• Offered by Asia-Pacific College of Diplomacy
  • ANU College ANU College of Asia and the Pacific
  • Course subject Diplomacy
  • Areas of interest International Relations, Security Studies, Strategic Studies, Diplomacy, Asia-Pacific Studies
  • Academic career PGRD
  • Course convener
    • Dr Benjamin Day
  • Mode of delivery In Person
  • Offered in First Semester 2020
    See Future Offerings

Negotiation and conflict resolution are central features of the study and practice of diplomacy. This course explores the causes of conflict (and peace) and examines various mechanisms that are employed by the international community in an attempt to address interstate and intrastate conflict. It also provides students with an opportunity to study the theory and practice of the essential diplomatic art of negotiation. This course introduces and examines the international framework for negotiation and conflict resolution. It surveys the causes and character of conflict and explores a wide range of mechanisms for inter-state and intra-state conflict resolution. Three broad and topical concepts of diplomacy - 'preventive diplomacy', 'coercive diplomacy' and 'peacebuilding diplomacy' - are used to demarcate different phases and types of conflict management. In our consideration of preventive diplomacy we examine the preventive measures of peaceful settlement contained in Chapter VI of the United Nations Charter, such as negotiation, mediation, arbitration and adjudication. In our examination of coercive diplomacy we discuss coercive measures for preventing and resolving conflict, such as sanctions and use of force provided for in Chapter VII of the UN Charter. Finally, we use the notion of peacebuilding diplomacy to examine the mechanisms that help shape peacebuilding interventions in conflict and post-conflict zones, such as peace processes and multidimensional peace operations.


As part of this course students undertake an intensive negotiation workshop. This flagship element of the Master of Diplomacy program provides students with first-hand exposure to the challenges of managing conflict through diplomatic negotiation. You will acquire and refine new negotiation and mediation skills and techniques through a variety of learning methods, including workshop discussion, demonstration, practice and simulation. The Negotiation Workshop aims to develop the ability of students to think politically and strategically, to examine key elements in the planning and conduct of negotiation and mediation, to identify essential qualities and skills for effective negotiation and mediation, and to consolidate this knowledge through practical exercises that simulate real-world diplomatic negotiations.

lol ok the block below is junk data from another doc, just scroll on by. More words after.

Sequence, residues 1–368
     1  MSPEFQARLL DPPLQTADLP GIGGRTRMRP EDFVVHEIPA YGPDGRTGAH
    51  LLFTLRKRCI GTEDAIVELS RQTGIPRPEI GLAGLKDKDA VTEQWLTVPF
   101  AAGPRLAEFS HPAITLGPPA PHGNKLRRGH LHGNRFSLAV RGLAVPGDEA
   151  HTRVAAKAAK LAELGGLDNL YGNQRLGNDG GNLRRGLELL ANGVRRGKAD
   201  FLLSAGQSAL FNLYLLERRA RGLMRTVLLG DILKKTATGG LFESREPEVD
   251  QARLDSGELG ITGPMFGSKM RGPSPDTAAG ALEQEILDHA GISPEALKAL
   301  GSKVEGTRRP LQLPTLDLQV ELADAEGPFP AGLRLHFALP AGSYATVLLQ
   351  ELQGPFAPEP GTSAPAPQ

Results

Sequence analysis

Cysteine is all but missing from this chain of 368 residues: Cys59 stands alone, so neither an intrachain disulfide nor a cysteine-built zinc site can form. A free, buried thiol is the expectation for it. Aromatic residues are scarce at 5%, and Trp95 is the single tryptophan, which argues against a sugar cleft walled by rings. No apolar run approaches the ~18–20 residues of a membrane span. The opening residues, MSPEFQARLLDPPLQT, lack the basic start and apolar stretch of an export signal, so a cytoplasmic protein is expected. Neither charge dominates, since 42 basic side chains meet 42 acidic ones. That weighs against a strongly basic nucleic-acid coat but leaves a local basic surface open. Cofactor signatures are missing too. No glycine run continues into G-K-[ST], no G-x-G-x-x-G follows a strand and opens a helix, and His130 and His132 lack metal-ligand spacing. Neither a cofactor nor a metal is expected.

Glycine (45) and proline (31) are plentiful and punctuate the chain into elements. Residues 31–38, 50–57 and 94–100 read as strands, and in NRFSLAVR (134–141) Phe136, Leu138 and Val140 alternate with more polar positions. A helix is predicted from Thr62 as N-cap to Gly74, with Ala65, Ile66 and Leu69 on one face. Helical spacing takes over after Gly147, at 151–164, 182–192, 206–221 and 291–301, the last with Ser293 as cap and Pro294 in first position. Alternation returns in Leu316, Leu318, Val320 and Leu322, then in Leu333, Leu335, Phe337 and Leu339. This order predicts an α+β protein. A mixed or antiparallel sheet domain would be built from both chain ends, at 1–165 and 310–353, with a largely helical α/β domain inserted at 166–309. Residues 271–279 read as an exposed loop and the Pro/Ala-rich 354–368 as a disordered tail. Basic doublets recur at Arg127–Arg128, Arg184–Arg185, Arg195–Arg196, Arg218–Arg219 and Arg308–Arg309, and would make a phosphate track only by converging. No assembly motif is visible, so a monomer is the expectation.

Learning Outcomes

Upon successful completion, students will have the knowledge and skills to:

  1. Analyse and evaluate the nature and causes of contemporary political conflicts.
  2. Explain and examine the United Nations Charter framework for negotiation and conflict resolution and its application to inter-state and intra-state political conflicts.
  3. Recognise, apply and respond to different strategies of diplomatic negotiation.
  4. Critically evaluate the strengths and weaknesses of different mechanisms of preventive, coercive and peacebuilding diplomacy.
  5. Design strategies for evaluating and responding to different forms of inter-state and intra-state political conflict.

Indicative Assessment

  1. Opinion Piece on UN Charter Framework (25) [LO 1,2]
  2. Essay (40) [LO 1,2,3,4]
  3. Negotiation Participation (10) [LO 3,5]
  4. Negotiation Report (25) [LO 1,3,4,5]

The ANU uses Turnitin to enhance student citation and referencing techniques, and to assess assignment submissions as a component of the University's approach to managing Academic Integrity. While the use of Turnitin is not mandatory, the ANU highly recommends Turnitin is used by both teaching staff and students. For additional information regarding Turnitin please visit the ANU Online website.

Workload

Students undertaking this course could expect a workload of 10 hours per week. This is inclusive of actual contact hours for lectures and also out of class preparation time. 

Inherent Requirements

Not applicable

Requisite and Incompatibility

Incompatible with DIPL8004.

Prescribed Texts

None specified

Fees

Tuition fees are for the academic year indicated at the top of the page.  

If you are a domestic graduate coursework or international student you will be required to pay tuition fees. Tuition fees are indexed annually. Further information for domestic and international students about tuition and other fees can be found at Fees.

Student Contribution Band:
1
Unit value:
6 units

If you are an undergraduate student and have been offered a Commonwealth supported place, your fees are set by the Australian Government for each course. At ANU 1 EFTSL is 48 units (normally 8 x 6-unit courses). You can find your student contribution amount for each course at Fees.  Where there is a unit range displayed for this course, not all unit options below may be available.

Units EFTSL
6.00 0.12500
Note: Please note that fee information is for current year only.

Offerings, Dates and Class Summary Links

The list of offerings for future years is indicative only.
Class summaries, if available, can be accessed by clicking on the View link for the relevant class number.

First Semester

Class number Class start date Last day to enrol Census date Class end date Mode Of Delivery Class Summary
3961 24 Feb 2020 02 Mar 2020 31 Mar 2020 29 May 2020 In Person N/A

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